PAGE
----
However, ejaculatory dysfunction, decreased glans sensation, chordee and erectile dysfunction have been reported in the literature as some of the main complications of EPA (20). Sexual complications after EPA are reportedly higher than for buccal urethroplasty patients, although the buccal group usually have much longer strictures (23). Buccal mucosa may be used as ventral or dorsal onlay graft. We performed dorsal onlay procedure in five patients. Three patients received buccal mucosal grafts and one received anterior urethral strip as a dorsal onlay graft. This last patient was also the patient with anterior urethral diverticulum and posterior urethral stricture. Urethral strip from the diverticulum was used as an onlay graft for the posterior urethral stricture. All these five patients had satisfactory results in the postoperative period. Since the early 1990s, buccal mucosal graft has been the most used graft material for substitution urethroplasty. The overall success rates of onlay graft urethroplasty are about 90% when used in the bulbar urethra (20).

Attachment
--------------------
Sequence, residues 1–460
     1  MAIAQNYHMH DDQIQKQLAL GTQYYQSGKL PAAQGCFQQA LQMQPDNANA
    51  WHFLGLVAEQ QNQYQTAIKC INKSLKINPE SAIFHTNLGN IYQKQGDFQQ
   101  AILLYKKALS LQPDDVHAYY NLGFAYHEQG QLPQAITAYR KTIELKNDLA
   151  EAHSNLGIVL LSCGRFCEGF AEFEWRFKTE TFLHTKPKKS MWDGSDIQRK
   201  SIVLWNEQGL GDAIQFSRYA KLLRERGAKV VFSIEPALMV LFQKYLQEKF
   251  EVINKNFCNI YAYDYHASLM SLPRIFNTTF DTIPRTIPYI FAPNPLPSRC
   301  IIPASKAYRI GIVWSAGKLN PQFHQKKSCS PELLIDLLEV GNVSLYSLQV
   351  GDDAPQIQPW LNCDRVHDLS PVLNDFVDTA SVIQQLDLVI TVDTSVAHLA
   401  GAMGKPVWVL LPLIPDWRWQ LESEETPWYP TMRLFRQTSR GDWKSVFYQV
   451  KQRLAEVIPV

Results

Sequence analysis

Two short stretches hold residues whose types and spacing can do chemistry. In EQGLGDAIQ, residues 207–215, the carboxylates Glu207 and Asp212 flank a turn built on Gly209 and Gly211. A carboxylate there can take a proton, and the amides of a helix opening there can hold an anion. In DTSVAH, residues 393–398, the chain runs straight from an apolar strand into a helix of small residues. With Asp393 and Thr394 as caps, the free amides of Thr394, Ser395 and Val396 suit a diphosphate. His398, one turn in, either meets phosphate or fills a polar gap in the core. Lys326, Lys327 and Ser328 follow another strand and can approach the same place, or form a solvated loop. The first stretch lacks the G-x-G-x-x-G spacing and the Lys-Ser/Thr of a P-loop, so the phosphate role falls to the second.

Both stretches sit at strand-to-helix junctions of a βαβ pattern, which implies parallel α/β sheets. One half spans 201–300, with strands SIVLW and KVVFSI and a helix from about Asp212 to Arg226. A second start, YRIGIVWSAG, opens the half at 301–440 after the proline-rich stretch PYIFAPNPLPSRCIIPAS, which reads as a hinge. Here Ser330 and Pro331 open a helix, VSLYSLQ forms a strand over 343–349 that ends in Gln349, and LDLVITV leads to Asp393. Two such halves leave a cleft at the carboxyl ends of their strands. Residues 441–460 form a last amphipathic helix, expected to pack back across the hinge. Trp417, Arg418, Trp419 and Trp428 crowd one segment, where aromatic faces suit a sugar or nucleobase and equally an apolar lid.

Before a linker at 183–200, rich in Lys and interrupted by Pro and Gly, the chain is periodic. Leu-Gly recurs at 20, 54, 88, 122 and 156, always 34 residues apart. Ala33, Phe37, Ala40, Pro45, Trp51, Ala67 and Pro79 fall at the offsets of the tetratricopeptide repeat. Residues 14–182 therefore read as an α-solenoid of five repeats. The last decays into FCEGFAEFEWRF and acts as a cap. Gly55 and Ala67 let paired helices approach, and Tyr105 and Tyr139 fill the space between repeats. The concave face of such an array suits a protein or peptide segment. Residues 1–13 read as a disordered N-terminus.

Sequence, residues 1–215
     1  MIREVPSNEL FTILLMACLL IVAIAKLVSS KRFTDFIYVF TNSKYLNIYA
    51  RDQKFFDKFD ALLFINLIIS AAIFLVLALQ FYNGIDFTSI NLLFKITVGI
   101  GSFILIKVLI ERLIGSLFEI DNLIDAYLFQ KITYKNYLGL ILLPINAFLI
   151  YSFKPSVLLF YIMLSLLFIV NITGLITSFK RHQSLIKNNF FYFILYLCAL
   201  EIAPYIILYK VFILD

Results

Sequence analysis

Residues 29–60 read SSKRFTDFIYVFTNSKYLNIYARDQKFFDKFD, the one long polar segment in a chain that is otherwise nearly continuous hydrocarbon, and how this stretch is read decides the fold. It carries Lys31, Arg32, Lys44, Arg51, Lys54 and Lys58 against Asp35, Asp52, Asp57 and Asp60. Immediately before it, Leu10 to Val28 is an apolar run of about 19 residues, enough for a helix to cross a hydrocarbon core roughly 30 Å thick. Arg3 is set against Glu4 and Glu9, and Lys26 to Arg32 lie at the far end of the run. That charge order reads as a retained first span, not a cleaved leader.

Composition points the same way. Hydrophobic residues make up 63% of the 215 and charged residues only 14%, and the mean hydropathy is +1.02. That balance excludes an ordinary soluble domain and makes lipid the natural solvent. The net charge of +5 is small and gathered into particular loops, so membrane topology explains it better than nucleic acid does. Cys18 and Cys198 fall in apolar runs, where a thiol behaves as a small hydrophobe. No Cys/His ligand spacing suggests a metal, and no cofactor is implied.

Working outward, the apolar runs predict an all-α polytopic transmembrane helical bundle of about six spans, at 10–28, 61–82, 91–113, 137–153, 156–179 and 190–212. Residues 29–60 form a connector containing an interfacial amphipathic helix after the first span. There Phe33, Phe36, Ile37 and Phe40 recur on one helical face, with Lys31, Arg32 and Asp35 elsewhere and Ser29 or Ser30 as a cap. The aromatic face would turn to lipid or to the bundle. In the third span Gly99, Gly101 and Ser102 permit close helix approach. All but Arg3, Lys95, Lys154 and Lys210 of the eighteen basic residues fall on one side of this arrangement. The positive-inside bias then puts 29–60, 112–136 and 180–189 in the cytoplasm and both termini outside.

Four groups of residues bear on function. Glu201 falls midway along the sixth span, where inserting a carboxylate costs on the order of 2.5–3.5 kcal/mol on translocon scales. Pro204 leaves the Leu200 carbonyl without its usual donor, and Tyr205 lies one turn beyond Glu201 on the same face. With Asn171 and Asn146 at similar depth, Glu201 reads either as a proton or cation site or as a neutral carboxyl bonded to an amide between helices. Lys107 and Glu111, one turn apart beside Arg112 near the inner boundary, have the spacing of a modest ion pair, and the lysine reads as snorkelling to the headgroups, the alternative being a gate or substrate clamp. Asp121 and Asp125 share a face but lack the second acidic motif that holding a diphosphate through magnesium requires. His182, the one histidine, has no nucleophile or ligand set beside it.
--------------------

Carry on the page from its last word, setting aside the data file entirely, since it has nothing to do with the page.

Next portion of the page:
Pediatric urethral strictures have a diverse etiology of which trauma is the most common. The procedure to address a stricture should be tailored to the individual urethral anatomy, stricture length and the surgeon’s experience. For smaller and partially obstructing strictures, DVIU or DU can be tried but these seem to be less effective than EPA, with high rates of secondary procedures. However, if not accompanied by complete excision of the fibrosed spongiosum, EPA may have recurrences. For longer strictures, substitution and urethroplasties are viable alternatives.


Ethics Committee Approval: This prospective study extended from November 2012 to November 2020 after ethical clearance by institutional ethical committee.

Informed Consent: Informed consent was obtained from the legal guardians of the patients.

Peer-review: Externally peer-reviewed.

Authorship Contributions

Design: M.S., Data Collection or Processing: M.F.H., Analysis or Interpretation: V.J., N.M., Writing: M.F.H.

Conflict of Interest: No conflict of interest was declared by the authors.

Financial Disclosure: The authors declared that this study received no financial support.